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Aims: We assessed the relationship between diabetes and cardiac structure and function following myocardial infarction (MI) and whether diabetes influences the effect of direct renin inhibition on change in left ventricular (LV) size. Methods and results: The ASPIRE trial enrolled 820 patients 2–8 weeks after MI with ejection fraction ≤45% and randomized them to the direct renin inhibitor aliskiren (n= 423) or placebo (n = 397) added to standard medical therapy. Echocardiography was performed at baseline and after 36 weeks in 672 patients with evaluable paired studies. Compared with non-diabetic patients, diabetic patients (n = 214) were at higher risk for a composite of cardiovascular (CV) death, heart failure hospitalization, recurrent MI, stroke, or aborted sudden death (14 vs. 7%; adjusted hazard ratio 1.63, 95% confidence interval 1.01–2.64, P= 0.045), despite similar left ventricular ejection fraction (37.9 ± 5.3 vs. 37.6 ± 5.2%, P= 0.48) and end-systolic volume (ESV) (84 ± 25 vs. 82 ± 28 mL, P= 0.46). Diabetic patients demonstrated greater concentric remodelling (relative wall thickness 0.38 ± 0.07 vs. 0.36 ± 0.07, P= 0.0002) and evidence of higher LV filling pressure (E/E′ 11.1 ± 5.3 vs. 9.1 ± 4.3, P= 0.0011). At 36 weeks, diabetic patients experienced similar per cent reduction in ESV overall (−4.9 ± 17.9 vs. −5.5 ± 16.9, P= 0.67) but tended to experience greater reduction in ESV than non-diabetic patients when treated with aliskiren (interaction P = 0.08). Conclusions: Compared with non-diabetic patients, diabetic patients are at increased risk of CV events post-MI despite no greater LV enlargement or reduction in systolic function. Diabetic patients demonstrate greater concentric remodelling and evidence of higher LV filling pressure, suggesting diastolic dysfunction as a potential mechanism for the higher risk observed among these patients.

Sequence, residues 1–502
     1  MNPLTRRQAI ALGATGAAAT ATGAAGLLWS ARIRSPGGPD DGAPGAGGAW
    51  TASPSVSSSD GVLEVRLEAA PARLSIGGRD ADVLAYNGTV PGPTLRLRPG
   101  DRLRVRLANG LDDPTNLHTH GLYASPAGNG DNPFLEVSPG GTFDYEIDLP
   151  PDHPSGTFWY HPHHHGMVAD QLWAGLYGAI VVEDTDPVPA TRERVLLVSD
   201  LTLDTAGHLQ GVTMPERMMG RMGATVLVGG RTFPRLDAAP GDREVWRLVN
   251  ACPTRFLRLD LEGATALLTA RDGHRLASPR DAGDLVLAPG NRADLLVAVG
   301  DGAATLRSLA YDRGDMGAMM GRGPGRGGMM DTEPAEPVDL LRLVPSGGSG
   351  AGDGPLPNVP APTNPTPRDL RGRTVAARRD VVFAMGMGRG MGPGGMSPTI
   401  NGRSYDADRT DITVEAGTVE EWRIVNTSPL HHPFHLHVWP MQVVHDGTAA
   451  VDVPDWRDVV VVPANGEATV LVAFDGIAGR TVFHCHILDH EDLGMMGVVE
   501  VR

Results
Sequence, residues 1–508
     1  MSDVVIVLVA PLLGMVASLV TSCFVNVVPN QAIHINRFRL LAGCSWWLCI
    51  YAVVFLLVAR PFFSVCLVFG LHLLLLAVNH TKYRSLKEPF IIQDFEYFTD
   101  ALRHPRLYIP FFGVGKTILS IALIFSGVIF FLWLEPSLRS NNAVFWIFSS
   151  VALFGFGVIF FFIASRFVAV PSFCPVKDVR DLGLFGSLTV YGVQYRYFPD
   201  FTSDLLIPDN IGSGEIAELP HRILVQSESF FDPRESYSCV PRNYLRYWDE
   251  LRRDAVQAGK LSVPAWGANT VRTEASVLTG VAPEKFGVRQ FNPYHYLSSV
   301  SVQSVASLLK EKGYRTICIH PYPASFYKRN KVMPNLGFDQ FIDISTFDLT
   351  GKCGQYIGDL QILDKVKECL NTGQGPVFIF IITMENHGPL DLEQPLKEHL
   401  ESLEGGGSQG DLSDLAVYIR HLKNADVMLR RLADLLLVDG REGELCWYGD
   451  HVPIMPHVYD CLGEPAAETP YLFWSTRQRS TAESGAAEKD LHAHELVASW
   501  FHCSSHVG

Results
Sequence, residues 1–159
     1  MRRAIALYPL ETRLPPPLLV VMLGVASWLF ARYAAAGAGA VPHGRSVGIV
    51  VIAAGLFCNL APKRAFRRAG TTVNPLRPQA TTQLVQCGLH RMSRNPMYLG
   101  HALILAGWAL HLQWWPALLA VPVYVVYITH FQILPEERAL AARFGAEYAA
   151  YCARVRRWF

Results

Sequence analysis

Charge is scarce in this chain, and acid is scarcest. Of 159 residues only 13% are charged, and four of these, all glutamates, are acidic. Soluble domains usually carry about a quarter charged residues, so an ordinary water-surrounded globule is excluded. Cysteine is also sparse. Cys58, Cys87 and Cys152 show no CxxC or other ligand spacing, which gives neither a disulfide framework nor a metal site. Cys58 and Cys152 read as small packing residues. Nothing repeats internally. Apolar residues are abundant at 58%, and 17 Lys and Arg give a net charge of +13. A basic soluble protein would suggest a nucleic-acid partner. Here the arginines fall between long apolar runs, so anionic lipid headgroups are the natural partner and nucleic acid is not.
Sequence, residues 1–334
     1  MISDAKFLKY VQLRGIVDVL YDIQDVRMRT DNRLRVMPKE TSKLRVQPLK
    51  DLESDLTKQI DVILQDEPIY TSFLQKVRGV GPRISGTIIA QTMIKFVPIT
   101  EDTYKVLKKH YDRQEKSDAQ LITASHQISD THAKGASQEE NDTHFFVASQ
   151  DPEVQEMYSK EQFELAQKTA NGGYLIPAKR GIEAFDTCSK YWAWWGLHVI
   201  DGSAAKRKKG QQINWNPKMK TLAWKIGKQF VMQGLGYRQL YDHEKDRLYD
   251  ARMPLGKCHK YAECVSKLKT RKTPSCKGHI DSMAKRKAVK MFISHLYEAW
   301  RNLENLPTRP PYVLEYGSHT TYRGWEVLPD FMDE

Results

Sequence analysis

Mary MacKillop Institute for Health Research

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Journal Article

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